This is a story of one of our clients, a U.S. contract manufacturer that sold a few years ago. To maintain confidentiality, the names have been changed and the details slightly modified.
The two owners of Western CM founded the company in the ‘80s, and after 30+ years they were ready to retire. Revenues had climbed to $15 million, and EBITDA was around 10%. Customers were in the military, wireless, industrial, and commercial sectors. They were contacted directly by several buyers, and went down the road with a few, but each deal fizzled out. The owners then contacted our firm to take them to market. Because the company was prepared, we quickly developed the confidential materials.
Unfortunately, as soon as we got to market, Western’s largest customer (30% of revenues) decided to move half of their production overseas. We mutually decided to put the sale on the back-burner.
Western had already started an overseas sales group, and as a result of losing that large customer, they doubled their efforts in this area. After about a year, the domestic business was up, and the overseas business was making great strides. Since the business was doing well, we updated the materials and went back to market.
This time around, Western’s sales and profits were doing well, and we received a wide range of offers. The initial offers ranged from 3–6x EBITDA, and from 50% cash to 90% cash at closing. Buyers ranged from private equity firms, to strategic buyers, to wealthy individuals. In the end, we signed a Letter of Intent with a strategic buyer at 4.5x cash with 1x EBITDA in an earnout that was based on sales goals. The deal was on a cash-free, debt-free basis (sellers keep cash, pay off debt), net working capital was included in the deal, and it was structured as a sale of assets. The owners had a 6-month services agreement after closing.
The buyer was interested in Western because of their location, key capabilities such as mil/aero, and their overseas experience. Many buyers in the PCBA sector are more interested in consolidating companies into the buyer’s facility, but in this case the buyer wanted to maintain the business as a going concern (which was important to the sellers).
Due diligence mostly went fine, although we found out that the company’s trademarks were in the owners’ wives’ names. No one could remember why they did that 30 years before, but we were able to handle that issue without any delay in the process.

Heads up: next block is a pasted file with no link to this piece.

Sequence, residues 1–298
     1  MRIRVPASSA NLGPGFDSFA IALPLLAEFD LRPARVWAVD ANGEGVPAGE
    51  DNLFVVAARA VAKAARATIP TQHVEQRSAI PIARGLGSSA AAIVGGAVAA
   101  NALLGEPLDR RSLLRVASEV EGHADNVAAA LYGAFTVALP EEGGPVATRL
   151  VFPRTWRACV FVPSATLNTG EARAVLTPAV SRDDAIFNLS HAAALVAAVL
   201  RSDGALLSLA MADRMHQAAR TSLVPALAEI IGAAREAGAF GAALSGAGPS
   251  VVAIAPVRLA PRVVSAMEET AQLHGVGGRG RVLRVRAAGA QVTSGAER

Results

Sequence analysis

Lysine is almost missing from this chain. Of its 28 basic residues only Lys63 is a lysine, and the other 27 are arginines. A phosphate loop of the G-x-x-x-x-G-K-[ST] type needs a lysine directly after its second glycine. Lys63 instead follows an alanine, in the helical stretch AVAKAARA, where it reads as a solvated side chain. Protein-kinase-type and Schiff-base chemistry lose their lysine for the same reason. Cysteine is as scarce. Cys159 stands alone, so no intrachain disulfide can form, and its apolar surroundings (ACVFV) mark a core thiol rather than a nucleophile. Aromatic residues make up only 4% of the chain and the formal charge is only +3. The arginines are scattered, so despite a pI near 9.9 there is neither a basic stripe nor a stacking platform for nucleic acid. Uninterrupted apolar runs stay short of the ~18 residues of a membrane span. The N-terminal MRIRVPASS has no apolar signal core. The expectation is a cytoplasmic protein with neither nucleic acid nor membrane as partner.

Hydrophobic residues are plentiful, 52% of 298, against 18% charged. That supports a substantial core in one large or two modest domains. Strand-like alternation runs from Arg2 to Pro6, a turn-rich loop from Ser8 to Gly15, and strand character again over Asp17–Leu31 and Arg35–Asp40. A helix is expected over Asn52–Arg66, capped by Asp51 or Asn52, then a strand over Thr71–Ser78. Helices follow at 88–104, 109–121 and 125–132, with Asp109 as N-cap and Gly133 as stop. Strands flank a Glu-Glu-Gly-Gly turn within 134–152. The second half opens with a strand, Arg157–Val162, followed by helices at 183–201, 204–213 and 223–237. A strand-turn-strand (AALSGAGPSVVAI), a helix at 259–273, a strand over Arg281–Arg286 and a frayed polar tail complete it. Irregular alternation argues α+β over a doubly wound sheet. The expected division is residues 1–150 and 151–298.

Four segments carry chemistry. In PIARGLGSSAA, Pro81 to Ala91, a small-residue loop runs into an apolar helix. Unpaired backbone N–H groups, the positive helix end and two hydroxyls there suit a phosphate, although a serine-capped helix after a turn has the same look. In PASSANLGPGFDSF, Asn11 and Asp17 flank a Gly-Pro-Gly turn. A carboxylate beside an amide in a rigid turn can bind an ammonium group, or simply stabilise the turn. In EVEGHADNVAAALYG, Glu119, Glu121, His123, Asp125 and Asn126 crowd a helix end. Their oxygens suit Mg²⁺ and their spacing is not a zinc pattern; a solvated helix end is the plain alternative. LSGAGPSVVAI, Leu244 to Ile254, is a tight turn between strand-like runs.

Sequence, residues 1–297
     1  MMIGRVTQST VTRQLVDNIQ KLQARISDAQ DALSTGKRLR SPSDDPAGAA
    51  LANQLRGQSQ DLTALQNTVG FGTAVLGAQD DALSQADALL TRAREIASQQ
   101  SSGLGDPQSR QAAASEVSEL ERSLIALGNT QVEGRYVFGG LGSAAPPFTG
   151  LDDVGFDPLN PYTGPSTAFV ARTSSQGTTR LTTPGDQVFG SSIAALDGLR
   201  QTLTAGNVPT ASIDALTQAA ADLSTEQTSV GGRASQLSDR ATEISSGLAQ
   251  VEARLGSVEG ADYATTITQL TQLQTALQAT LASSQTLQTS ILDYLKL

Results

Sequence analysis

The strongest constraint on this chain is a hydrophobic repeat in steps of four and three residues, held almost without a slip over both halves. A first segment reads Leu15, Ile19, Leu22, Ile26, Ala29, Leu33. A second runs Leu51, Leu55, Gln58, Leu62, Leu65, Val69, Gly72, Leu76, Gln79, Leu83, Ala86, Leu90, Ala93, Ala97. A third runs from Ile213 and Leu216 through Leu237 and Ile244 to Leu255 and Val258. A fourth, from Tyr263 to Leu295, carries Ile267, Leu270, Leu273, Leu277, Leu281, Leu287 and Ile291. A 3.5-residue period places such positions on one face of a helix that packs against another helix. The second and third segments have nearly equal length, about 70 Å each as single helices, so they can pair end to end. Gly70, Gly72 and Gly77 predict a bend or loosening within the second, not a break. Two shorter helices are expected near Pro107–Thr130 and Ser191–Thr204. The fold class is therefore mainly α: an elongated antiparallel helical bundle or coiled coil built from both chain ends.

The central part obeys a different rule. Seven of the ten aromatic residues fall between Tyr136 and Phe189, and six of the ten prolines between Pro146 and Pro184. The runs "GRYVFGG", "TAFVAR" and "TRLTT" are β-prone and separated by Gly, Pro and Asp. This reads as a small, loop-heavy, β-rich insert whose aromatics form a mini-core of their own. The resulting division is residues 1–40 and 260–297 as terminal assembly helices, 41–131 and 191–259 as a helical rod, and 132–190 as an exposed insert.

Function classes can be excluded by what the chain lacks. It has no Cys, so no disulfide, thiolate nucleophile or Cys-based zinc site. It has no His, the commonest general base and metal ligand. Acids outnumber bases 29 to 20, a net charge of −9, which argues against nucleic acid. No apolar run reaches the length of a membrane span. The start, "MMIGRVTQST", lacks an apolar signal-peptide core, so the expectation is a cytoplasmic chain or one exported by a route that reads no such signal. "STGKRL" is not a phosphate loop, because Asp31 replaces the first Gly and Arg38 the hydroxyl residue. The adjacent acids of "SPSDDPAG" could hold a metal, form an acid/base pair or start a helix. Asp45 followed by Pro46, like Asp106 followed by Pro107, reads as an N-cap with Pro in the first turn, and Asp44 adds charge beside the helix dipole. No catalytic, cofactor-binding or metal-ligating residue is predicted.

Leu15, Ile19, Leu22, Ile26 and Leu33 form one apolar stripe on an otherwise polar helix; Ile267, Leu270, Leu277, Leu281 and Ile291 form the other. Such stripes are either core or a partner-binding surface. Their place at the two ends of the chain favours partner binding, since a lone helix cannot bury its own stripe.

However, about a few weeks before the scheduled closing, the son of one of the owners decided that he wanted to keep the company in the family. He had not worked in the company since he was a teenager, and did not have a technical background. The son began challenging everything about the deal, and generally became a pain in the neck. Fortunately, he changed his mind once his father revealed that a good chunk of the proceeds was going in a trust in the son’s name. This incident always reminds us to make sure that all stakeholders are on the same page early in the process.
The deal closed about 75 days after the LOI was signed. Although the owners had a six-month transition services agreement, things went so smoothly that after six weeks, the buyer told them they could start coming in twice a week. After three months, the owners could come in once a month.
Western continued to do well, and the owners received the full amount of their earnout. The buyer has been very happy with the deal, and has grown the business nicely over the past few years.
Some of the lessons learned were:
1) Customer concentration kills: It does not matter how long they have been a customer, or how well things are going, all customers are one phone call away from vanishing.
2) Preparation helps: In this case, Western was well prepared as well as familiar with the sale process, albeit accidentally because they had been in a few failed deals before we got involved.
3) Involve stakeholders early in the process: Various stakeholders can throw a monkey wrench in the deal, and the later in the process the worse the effects can be. Not only family members, as in Western’s case, but key employees or major customers and suppliers can object to a deal. Buyers can get spooked if there are any disputes, and any delay increases the chance that a deal will not happen. Owners want to keep things confidential, but it is important to obtain the proper buy-in from key stakeholders as early in the process as possible.
Although there were a few ups and downs during this process, the business was doing well, and both the seller and buyer were motivated to get a deal completed quickly. Not all deals go as smoothly, but with some preparation, luck, and dedication to completing a deal, the chances that a deal will close can certainly improve.
Tom Kastner is the president of GP Ventures, an M&A advisory services firm focused on the tech and electronics industries. Securities transactions are conducted through StillPoint Capital LLC, Tampa, Florida, member FINRA and SIPC.